1. Multiple namespaces
So far we have covered the std namespace declaration, the random namespace declaration. In this post we will talk about the multiple namespace declaration. Many of your programs will need a multiple namespace declaration. You can have multiple namespace declarations of a namespace with a given name, and the contents of all namespace blocks with a given name within the same namespace. For example, you might have a program file with few namespaces like this:
// Everything in here is within sortStuff namespace
// Everything in here is within calculateStuff namespace
// To refer to names from sortStuff they must be qualified
// This is a continuation of the namespace sortStuff
// so from here you can refer to names in the first sortStuff namespace
// without qualifying the names
A second declaration of a namespace with a given name is just a continuation of the first, so you can reference names in the first namespace block from the second without having to qualify them. They are all in the same namespace. Of course, you would not usually organize a source fi le in this way deliberately, but it can arise quite naturally with header fi les that you include into a program. For example, you might have something like this:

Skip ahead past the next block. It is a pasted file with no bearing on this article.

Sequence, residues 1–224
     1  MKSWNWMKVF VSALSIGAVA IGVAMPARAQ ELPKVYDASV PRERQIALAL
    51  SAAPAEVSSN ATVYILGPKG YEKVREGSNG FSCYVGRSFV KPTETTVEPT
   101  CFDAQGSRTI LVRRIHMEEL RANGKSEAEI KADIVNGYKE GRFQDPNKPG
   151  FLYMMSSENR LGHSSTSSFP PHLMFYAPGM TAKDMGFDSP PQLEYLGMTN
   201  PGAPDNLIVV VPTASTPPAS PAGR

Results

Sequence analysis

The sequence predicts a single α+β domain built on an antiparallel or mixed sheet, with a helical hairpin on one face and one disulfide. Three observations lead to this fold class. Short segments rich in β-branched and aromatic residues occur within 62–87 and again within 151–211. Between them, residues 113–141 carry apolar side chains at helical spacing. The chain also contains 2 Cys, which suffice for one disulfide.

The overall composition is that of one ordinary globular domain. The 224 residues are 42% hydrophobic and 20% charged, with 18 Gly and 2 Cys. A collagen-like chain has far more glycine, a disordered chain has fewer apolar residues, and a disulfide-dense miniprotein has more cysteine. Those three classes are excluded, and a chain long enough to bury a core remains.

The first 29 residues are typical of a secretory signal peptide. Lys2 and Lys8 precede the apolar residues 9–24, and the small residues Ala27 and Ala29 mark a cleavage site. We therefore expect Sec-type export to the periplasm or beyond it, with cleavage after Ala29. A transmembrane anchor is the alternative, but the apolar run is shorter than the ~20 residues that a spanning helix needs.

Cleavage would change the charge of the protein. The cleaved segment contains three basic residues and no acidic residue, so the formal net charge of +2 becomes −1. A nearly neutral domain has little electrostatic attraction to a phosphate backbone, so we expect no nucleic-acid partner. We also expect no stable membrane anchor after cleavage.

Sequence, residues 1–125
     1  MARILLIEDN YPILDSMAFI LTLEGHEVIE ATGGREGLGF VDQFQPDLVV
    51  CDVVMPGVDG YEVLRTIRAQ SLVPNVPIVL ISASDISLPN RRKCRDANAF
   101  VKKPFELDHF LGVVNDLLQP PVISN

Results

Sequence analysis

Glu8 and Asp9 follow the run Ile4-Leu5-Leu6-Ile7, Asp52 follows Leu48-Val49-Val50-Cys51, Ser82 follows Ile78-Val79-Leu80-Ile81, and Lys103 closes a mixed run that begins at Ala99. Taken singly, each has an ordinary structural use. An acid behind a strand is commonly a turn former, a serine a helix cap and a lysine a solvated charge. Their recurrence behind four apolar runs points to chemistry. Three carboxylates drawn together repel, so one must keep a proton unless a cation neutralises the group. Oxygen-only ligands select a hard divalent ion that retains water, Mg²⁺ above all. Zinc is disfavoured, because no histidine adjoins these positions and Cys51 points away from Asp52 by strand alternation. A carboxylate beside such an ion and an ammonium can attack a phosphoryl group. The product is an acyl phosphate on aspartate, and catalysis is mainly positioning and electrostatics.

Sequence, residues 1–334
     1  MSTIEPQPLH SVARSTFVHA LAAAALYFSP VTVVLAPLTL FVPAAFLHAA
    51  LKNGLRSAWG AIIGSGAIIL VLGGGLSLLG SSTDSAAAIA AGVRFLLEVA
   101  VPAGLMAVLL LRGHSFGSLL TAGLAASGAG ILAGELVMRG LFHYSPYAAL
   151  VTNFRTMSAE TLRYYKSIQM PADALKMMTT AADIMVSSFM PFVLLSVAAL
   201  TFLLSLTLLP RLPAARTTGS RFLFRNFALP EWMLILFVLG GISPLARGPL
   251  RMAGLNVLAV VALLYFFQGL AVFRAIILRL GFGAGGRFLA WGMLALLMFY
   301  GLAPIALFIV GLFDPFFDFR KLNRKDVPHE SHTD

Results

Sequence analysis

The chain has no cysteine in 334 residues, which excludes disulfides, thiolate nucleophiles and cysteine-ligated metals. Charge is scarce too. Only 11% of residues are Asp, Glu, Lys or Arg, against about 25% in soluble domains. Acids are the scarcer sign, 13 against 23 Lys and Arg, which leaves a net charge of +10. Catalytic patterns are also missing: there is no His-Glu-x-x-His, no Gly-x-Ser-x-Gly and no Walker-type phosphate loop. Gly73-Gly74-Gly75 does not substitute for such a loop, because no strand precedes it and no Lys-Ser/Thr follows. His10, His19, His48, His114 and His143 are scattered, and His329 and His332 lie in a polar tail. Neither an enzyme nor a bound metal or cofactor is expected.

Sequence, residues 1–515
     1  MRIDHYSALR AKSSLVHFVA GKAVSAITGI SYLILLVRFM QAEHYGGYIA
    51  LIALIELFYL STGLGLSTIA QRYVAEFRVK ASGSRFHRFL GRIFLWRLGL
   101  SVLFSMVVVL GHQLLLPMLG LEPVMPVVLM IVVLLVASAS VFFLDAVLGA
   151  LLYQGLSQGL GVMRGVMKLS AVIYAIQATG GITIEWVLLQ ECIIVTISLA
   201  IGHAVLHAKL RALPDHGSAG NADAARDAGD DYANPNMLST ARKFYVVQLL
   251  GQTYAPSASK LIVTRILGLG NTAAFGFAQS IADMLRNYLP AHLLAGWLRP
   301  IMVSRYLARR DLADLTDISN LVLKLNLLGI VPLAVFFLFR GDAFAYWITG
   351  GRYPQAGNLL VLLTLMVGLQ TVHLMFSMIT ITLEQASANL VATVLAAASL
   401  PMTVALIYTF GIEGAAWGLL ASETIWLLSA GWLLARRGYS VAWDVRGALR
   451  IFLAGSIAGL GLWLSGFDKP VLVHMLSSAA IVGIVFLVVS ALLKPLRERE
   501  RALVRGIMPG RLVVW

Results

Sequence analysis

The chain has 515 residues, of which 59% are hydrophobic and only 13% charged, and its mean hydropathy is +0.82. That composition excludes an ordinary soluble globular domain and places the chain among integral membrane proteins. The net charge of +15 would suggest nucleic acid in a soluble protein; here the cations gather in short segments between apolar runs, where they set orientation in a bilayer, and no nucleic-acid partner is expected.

#include < iostream > // Contents are in namespace std
#include "myheader.h" // Contents are in namespace myStuff
#include < string > // Contents are in namespace std
// and so on...
Here, iostream and string are ISO/IEC C++ standard library headers, and myheader.h represents
a header fi le that contains our program code. You have a situation with the namespaces that is an exact parallel of the previous illustration. This has given you a basic idea of how namespaces work. There is a lot more to namespaces than I have discussed here, but if you grasp this bit, you should be able to fi nd out more about it without difficulty, if the need arises.